Wednesday, May 15, 2019

Harrisburg leads open educational resources innovation in geology courses - Emma Gosalvez, Penn State News

Open educational resources (OER) are transforming the landscape of higher education, allowing for more accessible and affordable learning. At Penn State Harrisburg, geology students are using digital rock kits and an open-access textbook in place of traditional rock packages and text, a change that has fueled student engagement. Through a partnership between Penn State Teaching and Learning with Technology (TLT) and the Penn State University Libraries, the ACT@PSU program revolutionizes faculty use of the traditional textbook.

Tuesday, May 14, 2019

Colleges jointly host regional OER forum - Stacey Holler, Garrett County Republican

Dr. M.J. Bishop challenged participants in Friday’s Maryland Open Source Textbook Regional Open Educational Resources Forum to break from past educational tendencies.“This is where the rubber hits the road,” Bishop told conference attendees Friday morning at Garrett College. “I encourage you to avoid the temptation to take a new tool and simply replicate what we’ve done in the past.” Twelve institutions of higher education participated in the forum, which centered on how OERs — online course materials that can eliminate or dramatically reduce textbook costs — can change the face of postsecondary education.

Monday, May 13, 2019

Open-source textbooks lighten students’ financial load - Erin Albanese, School News Network

GRCC is fifth in the top 10 colleges for the number of students– 35,421, served through OpenStax– for an estimated savings of $3.27 million this school year. The cost of commercial textbooks has increased dramatically above the rate of inflation in recent decades, said Professor Michael Vargo, GRCC dean of the School of Arts and Sciences. With annual textbook expenses ranging from $1,000 to $1,300 for full-time students, that can be the difference between success or struggling through school. “Most students report not having purchased a textbook because of the cost,” Vargo said.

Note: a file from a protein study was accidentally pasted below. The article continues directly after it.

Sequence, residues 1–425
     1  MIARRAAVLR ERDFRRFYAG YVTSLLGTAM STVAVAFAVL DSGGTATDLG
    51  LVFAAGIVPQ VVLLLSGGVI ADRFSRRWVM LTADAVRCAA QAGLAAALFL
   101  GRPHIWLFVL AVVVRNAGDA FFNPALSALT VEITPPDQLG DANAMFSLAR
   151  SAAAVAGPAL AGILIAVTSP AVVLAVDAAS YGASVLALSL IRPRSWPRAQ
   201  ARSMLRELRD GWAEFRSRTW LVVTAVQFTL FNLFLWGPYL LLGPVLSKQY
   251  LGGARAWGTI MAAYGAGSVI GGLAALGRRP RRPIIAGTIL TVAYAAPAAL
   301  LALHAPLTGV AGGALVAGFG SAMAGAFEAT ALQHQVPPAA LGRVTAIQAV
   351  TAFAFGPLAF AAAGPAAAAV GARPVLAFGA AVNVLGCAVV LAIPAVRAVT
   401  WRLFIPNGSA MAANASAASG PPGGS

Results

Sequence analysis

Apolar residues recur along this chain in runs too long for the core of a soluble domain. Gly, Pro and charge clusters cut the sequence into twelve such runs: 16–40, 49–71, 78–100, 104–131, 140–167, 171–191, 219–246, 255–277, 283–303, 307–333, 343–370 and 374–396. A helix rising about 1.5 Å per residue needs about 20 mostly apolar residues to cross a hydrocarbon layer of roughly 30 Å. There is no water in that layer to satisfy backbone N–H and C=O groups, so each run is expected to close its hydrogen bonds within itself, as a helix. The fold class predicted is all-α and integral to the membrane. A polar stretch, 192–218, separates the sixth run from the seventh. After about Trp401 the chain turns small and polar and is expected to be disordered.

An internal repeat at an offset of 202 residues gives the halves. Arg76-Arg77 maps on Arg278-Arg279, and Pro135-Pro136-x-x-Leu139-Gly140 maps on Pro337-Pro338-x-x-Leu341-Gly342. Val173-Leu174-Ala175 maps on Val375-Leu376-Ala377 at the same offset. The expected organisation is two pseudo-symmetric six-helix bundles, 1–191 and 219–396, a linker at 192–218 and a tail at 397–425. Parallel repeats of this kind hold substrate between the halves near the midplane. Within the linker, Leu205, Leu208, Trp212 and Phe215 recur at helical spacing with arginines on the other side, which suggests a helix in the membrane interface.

Sunday, May 12, 2019

Opinion: The Problems with Textbook Buybacks - Jacob Sutherland, USC Guardian

At the end of a long quarter of homework, studying, and sleepless nights, students want to forget the horror of being three Yerba Mate shots deep into their POLI 102D homework by getting rid of their textbooks. Luckily for them, the bookstore offers a Textbook Buy-Back program where, as advertised on its website, students can sell back their books and “be offered up to 50 percent of the new book price.” However, the allure of receiving a sweet $64.99 for the “The Voting Rights Act – Securing the Ballot” is more often than not squashed when students head over to the Buy-Back tent just to find out that the program will not buy back their book, leaving these students both disheartened and broke.

Saturday, May 11, 2019

Mann: Getting around overpriced textbooks - Joanna Mann, Daily Emerald

It’s a decision between hurting your wallet and hurting your GPA. Students who decide against buying their textbooks know that there is a good chance of their grade being affected in the long run, but it’s a risk many are forced to take. extbook prices can also keep students from graduating on time. According to one college study, 47.6 percent of students admitted to taking fewer classes per term in order to save money for course materials. When registering for the next term’s courses, students often take into account which classes require pricey textbooks and which ones require no outside materials. Even if one class is more major relevant, all else being equal, the more affordable course is often what students end up picking.

Friday, May 10, 2019

It’s time to move textbooks to e-books - Trevor Oliver, Aleste

For decades, students have been hauling heavy books to college courses in hopes of actually using them in class that day. Now, with the luxury of e-books, students can finally have freedom from backaches. The prices of e-book textbooks have also dropped significantly. According to a 2018 study by VitalSource, a popular e-book textbook distributor, average prices of e-book textbooks dropped by 31 percent compared to 2016, reducing the price to an average of $38.65 per book.

Thursday, May 9, 2019

Students struggle to sell textbooks after high expenses, little use- MAEGAN KIRBY, Daily Texan

With few places that buy back expensive textbooks at a fair price, going to freshman orientation in a trench coat and asking kids if they want to buy textbooks might seem like a better option. Textbooks are an expected cost for college students every semester, but the expensive prices for books that end up hardly being used can be frustrating for students. Many students expect to get money back by selling their textbooks but often struggle to make up for the original expenses.

Wednesday, May 8, 2019

Requirements for Collaborative OER Authoring Tools in Global Settings. -I. Nurhas, J. Pawlowski, M. Jansen, and J. Stoffregen; EC-TEL